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Cystic acne is the most severe form of acne. It generally affects men more than women and most people develop it in their teens. However, it can start as young as eight years old or can even show up when you’re in your 50s. Cystic acne is more prevalent on the face, but it can occur on the chest, back, upper arms and shoulders. It is generally combatted with blue and red light therapy.

Cystic Acne: What It Is And How It’s Treated

What is cystic acne?

When you have a breakout and a pimple forms it is due to your pores getting clogged with debris, dirt and dead skin cells. The pores can also trap in bacteria, which is what causes the area to become red and swollen. For most people, pimples are the worst of it and simple over-the-counter acne medication is enough to treat breakouts. However, when the trapped bacteria becomes infected, the red and swollen pimple fills with pus. This is known as cystic acne and when the pimple bursts it leads to infection and more breakouts, repeating the cycle. Unlike regular acne, cystic acne itches and can even hurt, causing major discomfort to the inflicted person.

What causes it?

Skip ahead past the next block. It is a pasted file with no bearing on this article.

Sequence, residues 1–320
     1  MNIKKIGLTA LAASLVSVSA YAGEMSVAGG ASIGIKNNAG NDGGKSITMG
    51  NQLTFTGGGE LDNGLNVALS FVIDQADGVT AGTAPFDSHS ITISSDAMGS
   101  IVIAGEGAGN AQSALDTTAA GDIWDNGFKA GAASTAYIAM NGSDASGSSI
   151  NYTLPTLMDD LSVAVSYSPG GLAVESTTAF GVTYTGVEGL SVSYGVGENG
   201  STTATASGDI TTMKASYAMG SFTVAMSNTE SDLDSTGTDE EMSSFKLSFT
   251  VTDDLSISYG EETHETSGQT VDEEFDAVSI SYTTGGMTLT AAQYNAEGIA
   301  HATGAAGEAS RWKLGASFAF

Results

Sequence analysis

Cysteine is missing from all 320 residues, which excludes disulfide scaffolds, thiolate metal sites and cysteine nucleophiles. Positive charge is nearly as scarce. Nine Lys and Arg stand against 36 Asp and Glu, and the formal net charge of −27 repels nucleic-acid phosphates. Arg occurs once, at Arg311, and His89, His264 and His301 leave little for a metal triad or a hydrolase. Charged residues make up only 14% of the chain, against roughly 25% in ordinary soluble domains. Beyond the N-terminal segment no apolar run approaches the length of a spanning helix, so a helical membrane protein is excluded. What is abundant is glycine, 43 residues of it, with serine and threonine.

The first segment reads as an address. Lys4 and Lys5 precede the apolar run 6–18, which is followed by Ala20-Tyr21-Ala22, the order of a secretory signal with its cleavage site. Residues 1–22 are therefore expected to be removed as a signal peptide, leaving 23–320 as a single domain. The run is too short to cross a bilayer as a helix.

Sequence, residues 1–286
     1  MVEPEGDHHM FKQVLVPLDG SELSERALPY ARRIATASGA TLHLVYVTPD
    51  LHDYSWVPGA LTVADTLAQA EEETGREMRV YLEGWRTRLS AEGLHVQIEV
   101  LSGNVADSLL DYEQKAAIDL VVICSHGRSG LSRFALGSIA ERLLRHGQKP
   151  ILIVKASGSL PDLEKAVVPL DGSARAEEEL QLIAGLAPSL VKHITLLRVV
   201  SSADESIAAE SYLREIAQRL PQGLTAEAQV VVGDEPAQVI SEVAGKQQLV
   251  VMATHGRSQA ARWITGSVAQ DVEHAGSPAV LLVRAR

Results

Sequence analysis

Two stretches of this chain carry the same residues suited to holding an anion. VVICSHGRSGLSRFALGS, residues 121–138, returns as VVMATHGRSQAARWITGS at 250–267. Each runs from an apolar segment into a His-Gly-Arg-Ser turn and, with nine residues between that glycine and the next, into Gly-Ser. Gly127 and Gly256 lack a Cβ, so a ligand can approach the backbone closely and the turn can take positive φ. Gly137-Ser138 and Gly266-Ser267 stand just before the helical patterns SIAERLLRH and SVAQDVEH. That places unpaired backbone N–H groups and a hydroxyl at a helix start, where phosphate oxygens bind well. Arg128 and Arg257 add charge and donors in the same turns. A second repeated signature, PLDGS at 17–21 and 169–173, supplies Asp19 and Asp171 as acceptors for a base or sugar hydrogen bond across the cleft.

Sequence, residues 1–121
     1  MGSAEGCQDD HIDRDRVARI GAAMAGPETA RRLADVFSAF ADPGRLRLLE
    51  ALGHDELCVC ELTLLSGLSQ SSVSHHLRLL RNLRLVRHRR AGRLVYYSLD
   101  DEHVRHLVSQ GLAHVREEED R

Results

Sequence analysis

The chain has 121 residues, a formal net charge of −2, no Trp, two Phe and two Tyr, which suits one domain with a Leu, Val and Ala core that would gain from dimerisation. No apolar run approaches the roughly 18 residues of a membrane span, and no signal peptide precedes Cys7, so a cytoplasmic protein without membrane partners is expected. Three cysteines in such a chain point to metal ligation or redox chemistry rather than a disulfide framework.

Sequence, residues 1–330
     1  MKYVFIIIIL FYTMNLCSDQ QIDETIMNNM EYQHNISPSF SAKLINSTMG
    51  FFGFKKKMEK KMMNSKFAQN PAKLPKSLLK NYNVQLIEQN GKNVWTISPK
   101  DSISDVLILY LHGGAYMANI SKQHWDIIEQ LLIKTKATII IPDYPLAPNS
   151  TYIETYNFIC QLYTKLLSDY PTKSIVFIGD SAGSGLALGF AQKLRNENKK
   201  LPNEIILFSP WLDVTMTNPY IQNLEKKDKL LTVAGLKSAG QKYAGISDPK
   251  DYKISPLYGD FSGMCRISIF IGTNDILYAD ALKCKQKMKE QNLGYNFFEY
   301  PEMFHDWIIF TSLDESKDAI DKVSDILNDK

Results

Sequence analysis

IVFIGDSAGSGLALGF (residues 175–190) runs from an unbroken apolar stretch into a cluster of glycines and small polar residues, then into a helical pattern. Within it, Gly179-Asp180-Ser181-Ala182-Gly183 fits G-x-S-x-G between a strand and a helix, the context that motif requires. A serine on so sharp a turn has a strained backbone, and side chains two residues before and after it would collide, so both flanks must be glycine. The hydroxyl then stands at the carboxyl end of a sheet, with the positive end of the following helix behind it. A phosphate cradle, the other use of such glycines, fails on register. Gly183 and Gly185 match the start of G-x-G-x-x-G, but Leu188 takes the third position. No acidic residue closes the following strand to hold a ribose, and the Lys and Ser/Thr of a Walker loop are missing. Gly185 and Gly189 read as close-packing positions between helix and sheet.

Hormones called androgens are increased as we enter our teenage years. Excessive amounts of androgens lead to changes in the skin and clogged pores. Another cause of cystic acne is a condition that affects women called polycystic ovary syndrome. Cystic acne can also occur when greasy lotions, face creams and sunscreens are used in excess and are not fully removed when you wash your face. Finally, cystic acne is genetic, which means if one of your parents had it then there’s a large chance you will too.

How is cystic acne treated?

There are oral medications that can be used in the treatment of cystic acne. However, more and more dermatologists and surgeons are turning to blue and red light therapy to get rid of this severe skin condition. Light therapy uses red and blue wavelengths of light to target cystic acne, creating a clearer complexion. A blue and red light therapy lamp is placed close to the face in the acneic spots. The red light penetrates deep into the skin to activate hemoglobin, a protein in our red blood cells that carries oxygen. With more oxygen, the oil-producing glands in our skin can’t work overtime, clogging our pores. The blue light also penetrates the pores but doesn’t go as deep as the red light. Instead, the blue light kills acne-causing bacteria.

Blue and red light therapy can be done at home; but, it’s not recommended. The at-home use machines are not as powerful or as safe as those found at a cosmetic surgeon or dermatologist practice.


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